Uh Oh #1: More granular regulatory reporting and requirements around the level of “free” assets on an institution’s balance sheet look to be coming. There are profound implications for how financial firms manage and inventorize the components of their assets, liabilities and shareholders’ equity at any given time (including collateral).

  2) Risk-sensitive deposit insurance: “… deposit insurance schemes could be made risk-based (e.g. through the inclusion of a dedicated risk premium in deposit guarantee pricing), taking into account the funding structure of insured institutions in normal times. The pricing could differ depending on… resolution rules.”

Uh Oh #2: “Pricing in asset encumbrance in deposit insurance schemes” seems to imply regulatory capital/RWA increases, through Basel IV or sooner through Basel III.5??

  3) Expansion in scope of stress testing: “…banks should be asked to perform regular stress tests that evaluate encumbrance levels under adverse market conditions.”

Uh Oh #3:  Expansion of dimensions to stress test – in this case, related to asset encumbrance levels, funding scenarios and collateral frameworks. Institutions need to ensure stress testing practices are sustainably repeatable and sufficiently automated.

  4) Oversight and possible regulation of the currently unregulated: “Central banks and prudential authorities need to closely monitor and oversee market responses to increased collateral demand and their effects on interconnectedness… in securities financing markets [e.g. securities lending, repo] and for shadow banking activities.”

Uh Oh #4: There seems to be an undertone that anything “unregulated” is “bad” and risky. We anticipated this trajectory in our recent “Shadow Banking Products in Europe and North America” report and highlight how different products are used, risk management implications and technology advancement opportunities that various products may represent in the coming years. What’s coming could include the possible central clearing of securities lending and repo activities, more position/exposure reporting, restrictions on re-hypothecation of assets and other forms of transparency reporting, etc.

One wonders if regulators are now stepping into the territory of choking economic activity. Do we really need to fix what is not really broken? Is transparency for transparency’s sake necessarily beneficial to the way markets operate?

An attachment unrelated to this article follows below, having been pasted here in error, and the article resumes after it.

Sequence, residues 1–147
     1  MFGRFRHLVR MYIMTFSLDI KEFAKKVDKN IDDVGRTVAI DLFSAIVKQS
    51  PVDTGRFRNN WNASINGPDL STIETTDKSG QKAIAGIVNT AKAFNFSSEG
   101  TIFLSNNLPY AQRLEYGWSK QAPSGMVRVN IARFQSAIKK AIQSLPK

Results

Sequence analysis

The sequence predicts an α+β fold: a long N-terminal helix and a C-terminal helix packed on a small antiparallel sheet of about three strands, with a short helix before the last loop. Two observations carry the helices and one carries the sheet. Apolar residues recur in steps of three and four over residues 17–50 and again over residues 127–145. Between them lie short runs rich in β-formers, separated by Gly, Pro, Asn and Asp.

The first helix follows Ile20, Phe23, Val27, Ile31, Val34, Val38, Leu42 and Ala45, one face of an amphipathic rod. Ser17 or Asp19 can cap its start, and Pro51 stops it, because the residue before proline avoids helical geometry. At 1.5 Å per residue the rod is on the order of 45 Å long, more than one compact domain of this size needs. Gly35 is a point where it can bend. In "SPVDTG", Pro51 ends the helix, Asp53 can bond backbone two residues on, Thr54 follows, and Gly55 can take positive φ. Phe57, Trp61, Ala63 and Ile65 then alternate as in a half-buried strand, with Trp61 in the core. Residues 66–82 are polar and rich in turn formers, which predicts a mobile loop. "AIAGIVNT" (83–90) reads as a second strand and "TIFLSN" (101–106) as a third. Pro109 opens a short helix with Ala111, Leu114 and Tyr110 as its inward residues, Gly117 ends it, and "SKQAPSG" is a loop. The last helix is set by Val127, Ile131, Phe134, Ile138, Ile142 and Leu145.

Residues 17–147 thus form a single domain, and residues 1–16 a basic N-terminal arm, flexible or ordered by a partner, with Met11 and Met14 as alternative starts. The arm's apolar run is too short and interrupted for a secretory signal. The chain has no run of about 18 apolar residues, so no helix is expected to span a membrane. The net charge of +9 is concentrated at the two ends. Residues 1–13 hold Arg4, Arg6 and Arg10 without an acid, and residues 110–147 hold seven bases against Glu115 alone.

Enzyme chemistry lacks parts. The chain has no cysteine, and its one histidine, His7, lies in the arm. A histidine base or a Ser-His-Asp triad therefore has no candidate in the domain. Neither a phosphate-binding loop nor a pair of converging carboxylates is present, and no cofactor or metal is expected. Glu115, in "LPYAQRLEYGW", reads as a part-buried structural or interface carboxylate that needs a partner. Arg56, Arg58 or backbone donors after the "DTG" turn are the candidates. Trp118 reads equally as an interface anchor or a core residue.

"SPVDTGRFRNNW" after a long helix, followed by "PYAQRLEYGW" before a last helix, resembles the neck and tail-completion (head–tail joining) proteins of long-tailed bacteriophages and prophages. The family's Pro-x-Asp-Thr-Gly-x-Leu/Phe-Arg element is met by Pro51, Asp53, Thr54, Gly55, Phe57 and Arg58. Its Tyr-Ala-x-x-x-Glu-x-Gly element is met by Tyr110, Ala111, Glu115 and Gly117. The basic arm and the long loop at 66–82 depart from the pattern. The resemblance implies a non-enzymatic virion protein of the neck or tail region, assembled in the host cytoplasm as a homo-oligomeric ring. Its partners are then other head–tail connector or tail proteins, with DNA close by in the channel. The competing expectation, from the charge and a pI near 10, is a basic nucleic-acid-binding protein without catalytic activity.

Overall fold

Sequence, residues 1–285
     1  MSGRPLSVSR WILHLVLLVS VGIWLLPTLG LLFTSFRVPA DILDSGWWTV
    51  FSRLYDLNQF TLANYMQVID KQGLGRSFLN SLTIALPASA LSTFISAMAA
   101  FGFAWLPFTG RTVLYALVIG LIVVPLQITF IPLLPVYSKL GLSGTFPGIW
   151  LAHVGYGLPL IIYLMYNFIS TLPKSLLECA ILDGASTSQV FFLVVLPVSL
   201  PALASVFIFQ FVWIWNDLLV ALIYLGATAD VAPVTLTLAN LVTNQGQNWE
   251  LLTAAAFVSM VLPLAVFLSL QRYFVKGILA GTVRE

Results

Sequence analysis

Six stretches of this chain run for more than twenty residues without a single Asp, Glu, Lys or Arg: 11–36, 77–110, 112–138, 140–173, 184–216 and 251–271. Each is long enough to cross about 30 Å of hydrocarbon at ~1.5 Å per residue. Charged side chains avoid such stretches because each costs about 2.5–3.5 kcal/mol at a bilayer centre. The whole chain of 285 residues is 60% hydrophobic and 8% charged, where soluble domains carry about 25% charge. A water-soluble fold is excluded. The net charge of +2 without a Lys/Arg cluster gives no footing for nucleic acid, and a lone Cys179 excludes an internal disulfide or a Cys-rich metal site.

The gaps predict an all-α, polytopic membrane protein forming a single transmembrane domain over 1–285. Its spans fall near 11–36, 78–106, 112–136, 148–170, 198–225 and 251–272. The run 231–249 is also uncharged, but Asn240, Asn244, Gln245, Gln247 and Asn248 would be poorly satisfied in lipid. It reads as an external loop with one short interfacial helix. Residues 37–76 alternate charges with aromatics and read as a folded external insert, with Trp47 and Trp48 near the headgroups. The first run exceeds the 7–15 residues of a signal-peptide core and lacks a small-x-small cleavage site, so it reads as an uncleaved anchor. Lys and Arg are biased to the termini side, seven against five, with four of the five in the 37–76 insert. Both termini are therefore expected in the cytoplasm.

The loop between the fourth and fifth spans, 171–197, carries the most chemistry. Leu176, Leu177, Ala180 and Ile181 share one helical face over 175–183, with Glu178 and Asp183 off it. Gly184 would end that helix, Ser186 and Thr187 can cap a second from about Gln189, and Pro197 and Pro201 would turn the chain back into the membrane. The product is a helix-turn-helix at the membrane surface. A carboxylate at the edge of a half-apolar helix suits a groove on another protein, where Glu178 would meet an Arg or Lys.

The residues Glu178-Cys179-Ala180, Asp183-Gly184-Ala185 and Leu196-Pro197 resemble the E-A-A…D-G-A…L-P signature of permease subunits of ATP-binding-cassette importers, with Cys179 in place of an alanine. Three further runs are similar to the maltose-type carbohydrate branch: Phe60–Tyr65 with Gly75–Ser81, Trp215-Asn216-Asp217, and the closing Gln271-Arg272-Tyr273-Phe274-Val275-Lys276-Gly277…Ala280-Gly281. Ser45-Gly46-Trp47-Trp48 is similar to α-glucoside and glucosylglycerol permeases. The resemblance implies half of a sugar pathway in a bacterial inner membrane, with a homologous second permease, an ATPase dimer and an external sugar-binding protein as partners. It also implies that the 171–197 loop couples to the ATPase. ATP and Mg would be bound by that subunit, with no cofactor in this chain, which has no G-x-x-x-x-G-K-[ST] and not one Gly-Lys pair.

5) Extend of collateral rehypothecation permitted: “A particular aspect that has received considerable scrutiny in the policy debate on securities financing markets is the extent to which rehypothecation activities should be permitted. The recent crisis experience suggests that greater reliance on rehypothecation in financial intermediaries’ balance sheets will increase interconnectedness and make them more vulnerable to financial shocks. Rehypothecation of client assets can also delay the recovery of assets or even impose losses on beneficial owners.”

Uh Oh #5: “Interconnectness” of the financial system is a concern, but it is also inevitable given the manner capital, derivative market reforms and collateralization rules are implemented. Instead of working to stop this interconnectedness from happening, regulators could do well to put in place “in-time circuit breakers” in the financial system to only “trip” when stress scenarios and adverse market conditions bubble up (pardon the pun).

  Whilst the above points remain “thinking points” and nothing is concrete, it does provide us with a possible glimpse of what is coming. If we think that regulatory burdens in the financial industry are onerous now, regulators are only getting started! Keep your strategy nimble and technology sufficiently flexible – built not just for current requirements, but for future changes. These changes may come sooner than you think! ————– For more detailed perspectives, please see the following: Maximizing Collateral Advantage: A Survey of Buy Side Business and Operational Strategies Shadow Banking Products in Europe and North America Equipping the Front Office for the New Risk Environment Cracking the Trillion Dollar Collateral Optimization Question Strength Under Fire in Risk Management

Advances in technology, but how do we achieve the right results?

Advances in technology, but how do we achieve the right results?
I am working on a series of future oriented research related to the future of risk management and speaking to a number of firms: from financial institutions stakeholders at the forefront of risk management challenges; to new risk technology startups, as well as  investment and private equity firms interested in opportunities that the evolution in risk management is bringing. When speaking with firms, the challenges of (what I term as) operational orchestration often comes up in one form or another. Here, one critical factor for success in achieving the right degree of orchestration entails developing and implementing the technology and operational infrastructure to deliver and embed requirements in day-to-day workflows. Nevertheless, in our experience, this area is where risk appetite and strategic objectives/measures get lost in translation, and where big picture ambitions are misaligned with the right execution in front line functions. The conundrums are typically characterized as follows, in particular: